EU report to push for further reforms in Turkey

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The EU is set to urge Turkey to step up reforms in its regular progress report to be published next week (6 November) – adopting, however, a softer tone compared to last year.

The Commission is set to urge Turkey to give new impetus to political reform when it publishes its regular report on the progress made by the country.

In an interview with EURACTIV, Enlargement Commissioner Olli Rehn clearly stated what he expects from the Turkish authorities: “The new government has put the EU accession process and the constitutional reform at the top of its agenda, with a view to improving democracy and expanding fundamental freedoms. The reforms should now be re-launched in full and without delay.”

The Commission will address the lack of progress in the area of human rights, especially in the areas of freedom of expression and religious freedom. This is particularly directed at article 301 of the Turkish penal code, which makes “insulting Turkishness” a criminal offence and has resulted in a number of court cases against writers and journalists. 

Rehn said that “freedom of expression is the first and foremost priority, since it underpins the functioning of an open, democratic and self-confident society. This means that article 301 must be repealed or revised.”

He added that the debate on Turkey’s constitutional reform, which will take several months, should not prevent the government from making progress on certain issues requiring urgent attention, such as freedom of expression and religious freedoms. “Progress on fundamental freedoms and international obligations are not mutually exclusive – both are priorities,” he added.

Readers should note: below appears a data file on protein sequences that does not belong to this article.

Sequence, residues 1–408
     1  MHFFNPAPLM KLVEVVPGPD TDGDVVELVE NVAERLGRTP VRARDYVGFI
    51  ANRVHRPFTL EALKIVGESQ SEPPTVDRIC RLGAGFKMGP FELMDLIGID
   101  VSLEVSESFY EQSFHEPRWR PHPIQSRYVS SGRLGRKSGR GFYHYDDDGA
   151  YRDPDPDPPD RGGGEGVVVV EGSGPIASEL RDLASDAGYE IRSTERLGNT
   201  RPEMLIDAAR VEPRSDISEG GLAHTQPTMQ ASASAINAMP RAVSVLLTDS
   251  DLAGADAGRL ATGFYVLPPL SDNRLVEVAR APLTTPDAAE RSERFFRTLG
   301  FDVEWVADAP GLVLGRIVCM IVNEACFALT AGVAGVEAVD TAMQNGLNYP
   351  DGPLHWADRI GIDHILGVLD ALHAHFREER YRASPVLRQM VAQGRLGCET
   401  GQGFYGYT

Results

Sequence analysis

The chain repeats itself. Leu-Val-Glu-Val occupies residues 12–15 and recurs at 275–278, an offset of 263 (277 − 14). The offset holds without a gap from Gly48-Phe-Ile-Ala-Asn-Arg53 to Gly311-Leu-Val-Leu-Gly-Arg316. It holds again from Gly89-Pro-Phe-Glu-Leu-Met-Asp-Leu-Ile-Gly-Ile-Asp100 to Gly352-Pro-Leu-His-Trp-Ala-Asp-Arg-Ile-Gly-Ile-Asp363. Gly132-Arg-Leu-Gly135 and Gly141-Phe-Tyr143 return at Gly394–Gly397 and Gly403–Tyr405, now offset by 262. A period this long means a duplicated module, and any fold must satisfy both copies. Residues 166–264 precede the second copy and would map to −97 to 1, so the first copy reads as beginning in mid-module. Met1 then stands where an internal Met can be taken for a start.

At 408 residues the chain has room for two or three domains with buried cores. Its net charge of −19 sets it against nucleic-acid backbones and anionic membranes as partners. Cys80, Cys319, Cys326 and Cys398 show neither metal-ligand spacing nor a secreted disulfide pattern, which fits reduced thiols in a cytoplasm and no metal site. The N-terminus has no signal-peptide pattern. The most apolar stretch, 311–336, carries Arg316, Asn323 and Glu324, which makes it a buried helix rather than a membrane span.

Moreover, the EU wants to see the military’s influence in Turkish politics cut back. Another sticking point is the unresolved Cyprus issue. The EU last year decided to suspend EU membership talks in eight out of 35 negotiating areas, due to Turkey’s refusal to open up its ports and airports to ships and planes from EU member Cyprus.

Rehn made clear that the EU will not budge on this point. “Turkey has well-known obligations related to the implementation of the Ankara protocol. We urge Turkey to respect its obligations, and the sooner, the better.”

Since last December, four negotiating chapters have been opened on enterprise and industrial policy, statistics, financial control and energy. Under President Nicolas Sarkozy, an outspoken critic of Turkish accession, France managed to block the opening of the chapter on economic and monetary union.

Turkish Secretary General for EU Affairs, Mustafa Oguz Demiralp, warns that some of the EU leaders’ statements during the negotiations have affected the accession process negatively, causing “distrust” and “pessimism” towards the EU in Turkey.

However, this year’s report is likely to take a softer tone compared to last year’s. The EU is particularly happy with the continued stabilisation of economic growth and Turkey’s overcoming a major political crisis earlier this year.

EU lawmakers, in a resolution on 3 October, “welcomed the election of the new president as a sign of the strength of Turkish democracy” and praised “the commitment of the new government to enhancing the reform process”.

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